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Above is Sagittarius A* — the black hole at the centre of our Galaxy. It’s only the second time a black hole has been directly imaged. Like the first such image — of the supermassive black hole at the centre of a nearby galaxy called M87, in 2019 — astronomers created the picture by processing radio-wave observations that are invisible to the human eye. The long-awaited results were obtained from data collected in 2017 by the Event Horizon Telescope, a global network of radio observatories. Sagittarius A* seems to be rotating anticlockwise along an axis that roughly points along the line of sight to Earth. “What blows my mind is that we're seeing it face-on,” says astrophysicist Regina Caputo.
Go deeper with Nature’s feature from 2017 exploring exactly how the observation was made, which includes the prescient infographic below.
Chemists say they have solved a crucial problem in a theory of life’s beginnings, by demonstrating that RNA molecules can link short chains of amino acids together. This might have allowed for ever-more complex RNAs, proteins and combinations of the two — a possible path to the chemistry of life that we know today. The findings support a variation on the ‘RNA world’ hypothesis, which proposes that, before DNA evolved, the chemical ancestors of biological life were based on RNA.
Cerebrospinal fluid (CSF) from 10-week-old mice can improve the memory function of older mice. CSF is a cocktail of nutrients that cushions the brain and spinal cord, but it loses its punch with age. Researchers found that old mice given an infusion of young CSF were more likely to remember being given small electric shocks than were old mice given artificial CSF. “This is super exciting from the perspective of basic science, but also looking towards therapeutic applications,” says neurobiologist Maria Lehtinen.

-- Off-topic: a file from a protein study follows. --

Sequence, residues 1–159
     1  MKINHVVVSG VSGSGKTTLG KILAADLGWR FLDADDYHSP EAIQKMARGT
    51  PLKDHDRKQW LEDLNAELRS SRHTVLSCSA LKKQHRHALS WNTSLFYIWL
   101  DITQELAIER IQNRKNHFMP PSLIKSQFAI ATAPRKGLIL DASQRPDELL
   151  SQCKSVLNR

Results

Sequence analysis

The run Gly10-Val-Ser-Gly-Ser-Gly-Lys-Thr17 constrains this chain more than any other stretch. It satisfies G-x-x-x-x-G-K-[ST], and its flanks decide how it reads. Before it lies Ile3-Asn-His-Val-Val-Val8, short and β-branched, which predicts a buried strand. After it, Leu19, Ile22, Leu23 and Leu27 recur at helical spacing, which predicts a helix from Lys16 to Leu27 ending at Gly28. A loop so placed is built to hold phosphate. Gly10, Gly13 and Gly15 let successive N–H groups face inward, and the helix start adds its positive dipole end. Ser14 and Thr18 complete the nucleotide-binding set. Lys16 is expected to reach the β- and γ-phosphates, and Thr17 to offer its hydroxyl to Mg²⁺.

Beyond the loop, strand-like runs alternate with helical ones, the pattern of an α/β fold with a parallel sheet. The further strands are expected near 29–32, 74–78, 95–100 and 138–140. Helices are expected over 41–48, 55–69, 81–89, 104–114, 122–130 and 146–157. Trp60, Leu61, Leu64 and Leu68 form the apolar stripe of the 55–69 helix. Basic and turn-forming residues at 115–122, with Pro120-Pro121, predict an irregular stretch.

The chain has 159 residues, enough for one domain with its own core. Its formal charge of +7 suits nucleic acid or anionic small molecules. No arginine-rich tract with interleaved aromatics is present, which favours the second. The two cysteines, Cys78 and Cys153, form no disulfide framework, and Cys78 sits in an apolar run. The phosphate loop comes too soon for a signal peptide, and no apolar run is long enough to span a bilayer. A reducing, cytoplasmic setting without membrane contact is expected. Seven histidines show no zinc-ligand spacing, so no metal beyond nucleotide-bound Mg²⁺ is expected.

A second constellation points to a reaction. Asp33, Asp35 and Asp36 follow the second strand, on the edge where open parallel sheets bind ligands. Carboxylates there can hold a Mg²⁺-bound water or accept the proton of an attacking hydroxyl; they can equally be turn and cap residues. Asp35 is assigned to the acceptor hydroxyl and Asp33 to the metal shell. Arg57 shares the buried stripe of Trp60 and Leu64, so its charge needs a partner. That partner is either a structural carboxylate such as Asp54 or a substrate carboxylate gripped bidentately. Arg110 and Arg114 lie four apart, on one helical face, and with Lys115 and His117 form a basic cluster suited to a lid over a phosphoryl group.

Parasitic worms are increasingly being named after scientists’ friends and family — and more often honour(?) male rather than female scientists. Researchers analysed nearly 3,000 species discovered in the past 20 years. The analysis uncovers ongoing biases in taxonomy and could be used as a jumping-off point for rethinking how scientists name species, says ecological parasitologist and co-author Robert Poulin. “When you name something, it is now named forever. I think it’s worth giving some thought to what names we choose.”
Features & opinion
Artemis, NASA’s ambitious plan to return people to the surface of the Moon, will cost US$93-billion and require the world’s most powerful rocket, the Space Launch System. If all goes well, Artemis will give a major boost to science education and public awareness and open up an unexplored region: the lunar south pole. It will also showcase a notable change since the pioneering Apollo missions that first put footprints on lunar dust: NASA is relying on several privately developed lunar landers to achieve its exploration goals.
Water flows across all aspects of climate-change mitigation and adaptation, argues Aditi Mukherji, who co-wrote the chapter on water in this year’s report from the Intergovernmental Panel on Climate Change. From droughts to floods, many people experience the impacts of climate change through its effects. Some well-intentioned plans to mitigate global warming — such as switching from fossil fuels to biofuels — can strain water resources. Climate solutions must keep water at the forefront — and heed people who are most vulnerable to water insecurity.